• In reaching this conclusion, the judge took account of the “principle of minimum interference” set out in previous pensions equalisation cases, most notably the Court of Appeal’s 2009 decision in Foster Wheeler v Hanley. Where possible, this principle requires the Court to give effect to Barber rights by considering “in relation to any particular option whether the obligation to provide equal benefits can be complied with in some other way involving less interference with the rights of any party”. This led the judge to disregard some of the proposed methods for equalising, such as Method A (from the Banks’ perspective) and Method D1 (from the beneficiaries’).
  • However, Methods B, C1 and C2 all provide for equivalence in relation to benefits, but the Banks can require the Trustee to adopt Method C2 “by relying on the principle of minimum interference”. The rate of interest to be used for Method C2 should be 1% over base rate simple interest.
  • Perhaps to the great relief of many, the judge also noted that, although not currently available as the Banks have not given their consent as required by legislation, in principle Method D2 (involving GMP conversion) “is a lawful method to which [they] could consent”. The judge also concluded that the use of the GMP conversion legislation would enable the conversion of survivors’ benefits in payment, an issue over which some doubt had been expressed in the case.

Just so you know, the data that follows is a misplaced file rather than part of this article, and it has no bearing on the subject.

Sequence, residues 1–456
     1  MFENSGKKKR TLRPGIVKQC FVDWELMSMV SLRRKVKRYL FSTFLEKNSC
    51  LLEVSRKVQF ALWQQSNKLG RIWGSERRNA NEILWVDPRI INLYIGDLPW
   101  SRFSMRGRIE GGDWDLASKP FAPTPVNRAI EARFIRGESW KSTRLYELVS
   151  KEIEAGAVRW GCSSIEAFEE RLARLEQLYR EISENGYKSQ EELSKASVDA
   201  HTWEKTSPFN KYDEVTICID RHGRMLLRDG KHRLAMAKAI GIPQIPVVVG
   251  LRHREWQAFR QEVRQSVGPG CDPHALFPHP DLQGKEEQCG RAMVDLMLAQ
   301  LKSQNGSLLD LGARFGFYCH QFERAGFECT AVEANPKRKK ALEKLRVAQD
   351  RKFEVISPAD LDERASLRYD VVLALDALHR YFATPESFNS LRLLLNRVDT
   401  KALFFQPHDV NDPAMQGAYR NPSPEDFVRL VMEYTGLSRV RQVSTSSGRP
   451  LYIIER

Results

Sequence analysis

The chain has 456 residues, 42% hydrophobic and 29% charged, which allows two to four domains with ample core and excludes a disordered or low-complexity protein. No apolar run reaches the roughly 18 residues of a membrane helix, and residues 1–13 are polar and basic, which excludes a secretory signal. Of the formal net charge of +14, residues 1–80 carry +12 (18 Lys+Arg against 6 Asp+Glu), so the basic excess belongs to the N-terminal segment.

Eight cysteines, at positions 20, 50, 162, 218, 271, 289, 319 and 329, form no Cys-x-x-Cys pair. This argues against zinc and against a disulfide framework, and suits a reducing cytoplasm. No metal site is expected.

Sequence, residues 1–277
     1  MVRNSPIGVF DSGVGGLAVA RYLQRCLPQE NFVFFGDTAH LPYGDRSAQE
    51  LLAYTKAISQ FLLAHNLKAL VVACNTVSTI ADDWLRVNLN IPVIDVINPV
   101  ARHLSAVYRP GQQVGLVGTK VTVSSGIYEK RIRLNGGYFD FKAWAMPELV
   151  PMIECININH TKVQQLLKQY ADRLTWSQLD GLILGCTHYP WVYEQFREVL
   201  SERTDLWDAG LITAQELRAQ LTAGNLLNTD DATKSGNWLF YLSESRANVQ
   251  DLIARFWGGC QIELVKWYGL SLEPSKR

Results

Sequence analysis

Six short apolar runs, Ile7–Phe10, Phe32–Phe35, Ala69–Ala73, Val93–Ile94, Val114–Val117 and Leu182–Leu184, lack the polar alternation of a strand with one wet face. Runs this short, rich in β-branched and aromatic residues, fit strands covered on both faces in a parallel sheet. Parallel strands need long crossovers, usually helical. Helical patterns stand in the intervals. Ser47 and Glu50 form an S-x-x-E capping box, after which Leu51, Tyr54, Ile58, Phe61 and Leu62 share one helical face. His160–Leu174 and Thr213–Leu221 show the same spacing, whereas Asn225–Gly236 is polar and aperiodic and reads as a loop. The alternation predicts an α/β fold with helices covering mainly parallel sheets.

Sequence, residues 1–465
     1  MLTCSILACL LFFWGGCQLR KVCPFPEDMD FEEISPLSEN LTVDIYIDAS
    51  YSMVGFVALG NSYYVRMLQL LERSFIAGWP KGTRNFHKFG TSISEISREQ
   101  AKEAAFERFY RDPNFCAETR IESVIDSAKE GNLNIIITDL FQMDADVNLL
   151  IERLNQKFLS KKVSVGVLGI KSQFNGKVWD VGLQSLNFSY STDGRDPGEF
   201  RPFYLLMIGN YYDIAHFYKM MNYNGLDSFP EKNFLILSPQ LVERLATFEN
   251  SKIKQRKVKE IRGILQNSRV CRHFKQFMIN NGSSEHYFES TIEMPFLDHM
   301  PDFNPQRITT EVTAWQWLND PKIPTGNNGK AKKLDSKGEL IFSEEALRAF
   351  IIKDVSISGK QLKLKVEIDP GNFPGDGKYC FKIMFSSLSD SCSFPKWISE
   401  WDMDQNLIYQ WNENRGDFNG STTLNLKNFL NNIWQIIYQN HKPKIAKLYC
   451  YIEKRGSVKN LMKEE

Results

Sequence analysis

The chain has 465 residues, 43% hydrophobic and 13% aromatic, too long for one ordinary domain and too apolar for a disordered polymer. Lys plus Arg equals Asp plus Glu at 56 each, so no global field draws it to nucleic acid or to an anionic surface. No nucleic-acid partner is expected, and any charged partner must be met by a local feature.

Limitations on claiming backdated benefits?

When considering arrears of pension, the judge concluded that the position is governed by the scheme rules. Under the Schemes, this generally means that a beneficiary will only be entitled to claim arrears of payments for the period of six years before his/her claim. Such arrears “should bear simple interest at 1% over base rate”.

However, by virtue of section 21(1)(b) of the Limitation Act 1980, no limitation period applies to beneficiaries seeking to recover such arrears.

Some issues left unanswered

Having concluded that the obligations in relation to GMP equalisation apply to benefits accrued in other schemes post-Barber which have been transferred in to the Schemes, the judge stopped short of reaching any conclusions about the position on transfers out. In doing so, he stated that “it might be undesirable to deal with the arguments at a high level of generality and without regard to specific facts”.

Another issue left unanswered was whether a different equalisation method should be adopted for members for whom “the estimated cost of calculating and implementing Methods A to D is the same as or greater than the projected additional benefits” to which they would then be entitled.

The position of DC benefits with GMP underpin benefits also remains uncertain as, under legislation, it is not possible to convert a GMP into DC benefits.

Next steps

With no announcement yet from the Government in response to the case, it remains to be seen whether it will press ahead with planned changes to the GMP conversion legislation and possible variations to its proposed methods more generally.

Clearly, the issue of GMP equalisation has been hanging over schemes for some decades, so the first key message is not to panic. Over the coming months, schemes should start discussions with their advisers about possible next steps, including any allowances to make in upcoming valuations and what to do about transfers out in the immediate future.

If you have any questions on any of the above, please speak to your usual Sackers contact.